Get Out and Vote!This is the first editorial of a two-part series on the Cambridge City Council elections. The second installment will feature The Tech’s candidate endorsement.
Want more out of the Cambridge government? Well, you have only five days left to do something about it because Wednesday is the deadline to register to vote in the upcoming Cambridge City Council elections. And if you live in Cambridge, even as a student, then you have a stake in them.
The Cambridge City Council deals with issues that affect not only businesses and corporations like MIT, but individuals; that means students, renters, bikers, and even fraternity members. The council, made up of just nine members of the Cambridge community, is responsible for setting policies, ordinances, taxes, and other expenditures that affect your life here in the city.
The City Council is responsible for the ban on smoking in all Cambridge workplaces, including bars and restaurants, and a March 2002 petition to the state to give 17-year-olds the right to vote in local elections. It has also passed legislation on rents, evictions, and zoning to help control residential rents in the city. In addition, they appoint the members of the Cambridge License Commission, with which many students are all too familiar.
Another key issue relevant to this community is the payment made in lieu of taxes to the city. As a non-profit institution, MIT is not required to pay property taxes, though both MIT and Harvard have been making these payments largely in compensation both for the benevolent use of existing land; but also for the recent acquisition by both universities of new property that will lower Cambridge’s tax income by a significant margin. These payments are agreed upon by negotiation with the city; it is important to have officials sympathetic to MIT on both sides of the bargaining table.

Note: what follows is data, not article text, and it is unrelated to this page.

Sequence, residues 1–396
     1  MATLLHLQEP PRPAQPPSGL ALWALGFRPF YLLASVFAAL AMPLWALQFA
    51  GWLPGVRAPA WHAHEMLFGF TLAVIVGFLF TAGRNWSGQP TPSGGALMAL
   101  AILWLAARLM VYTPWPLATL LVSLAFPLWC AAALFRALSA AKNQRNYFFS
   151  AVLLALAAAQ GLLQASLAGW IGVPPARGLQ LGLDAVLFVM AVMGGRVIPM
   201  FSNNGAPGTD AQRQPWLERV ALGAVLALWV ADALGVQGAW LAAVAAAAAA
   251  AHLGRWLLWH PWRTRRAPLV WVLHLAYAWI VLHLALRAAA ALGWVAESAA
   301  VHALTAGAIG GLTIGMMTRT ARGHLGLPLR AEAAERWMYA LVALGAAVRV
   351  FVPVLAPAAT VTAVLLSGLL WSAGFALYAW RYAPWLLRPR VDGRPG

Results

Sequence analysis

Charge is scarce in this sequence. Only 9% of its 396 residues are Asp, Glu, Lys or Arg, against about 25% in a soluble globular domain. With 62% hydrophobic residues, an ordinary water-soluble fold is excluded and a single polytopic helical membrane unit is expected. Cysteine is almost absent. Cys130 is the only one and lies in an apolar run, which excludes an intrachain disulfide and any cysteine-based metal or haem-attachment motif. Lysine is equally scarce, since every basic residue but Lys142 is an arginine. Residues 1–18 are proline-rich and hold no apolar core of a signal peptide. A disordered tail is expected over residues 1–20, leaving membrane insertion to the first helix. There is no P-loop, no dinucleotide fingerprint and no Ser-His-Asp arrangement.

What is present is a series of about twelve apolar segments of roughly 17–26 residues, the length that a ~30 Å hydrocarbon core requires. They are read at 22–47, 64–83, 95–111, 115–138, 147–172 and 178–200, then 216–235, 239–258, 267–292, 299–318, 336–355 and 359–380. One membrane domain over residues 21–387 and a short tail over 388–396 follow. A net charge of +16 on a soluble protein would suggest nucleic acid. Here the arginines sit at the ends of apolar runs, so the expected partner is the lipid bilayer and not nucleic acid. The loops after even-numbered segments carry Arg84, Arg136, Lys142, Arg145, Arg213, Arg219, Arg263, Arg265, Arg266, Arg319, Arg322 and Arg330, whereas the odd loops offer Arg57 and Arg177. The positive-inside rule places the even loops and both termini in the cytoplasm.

The councilors you elect in November will be deciding on new issues such as bicycle ordinances, limiting parking time on Memorial Drive, and resolving what they have termed the “housing emergency” in Cambridge. All of these issues have extreme relevance to MIT students and community members.
Registering to vote in Cambridge is not only easy, it costs you very little in terms of your voting rights at home. You only need re-register in your home state following the upcoming election. Massachusetts Voter Registration forms are available in the Public Service Center (4-104), the Office of Government and Community Relations (11-245), and in many dormitories. Fill it out and send it in before Oct. 15, and you will be eligible for the Nov. 4 election. Then just fill out and send in a National Voter Registration form (available at http://www.fec.gov/votregis/vr.htm) to re-register in your home state. Some candidates are currently running voter registration drives; for instance, MIT alum Matt DeBergalis ’00 will provide and mail both forms for you through his campaign.
Even if you live on Amherst Street, the City Council can have a major impact on your life. This election is one where even a small group can be very influential. It only takes about 1,800 votes to elect a councilor; compare that to any state or national election you might vote in. Given the ease of registration and the weight of the issues at hand, there is no good reason not to get up and register right away.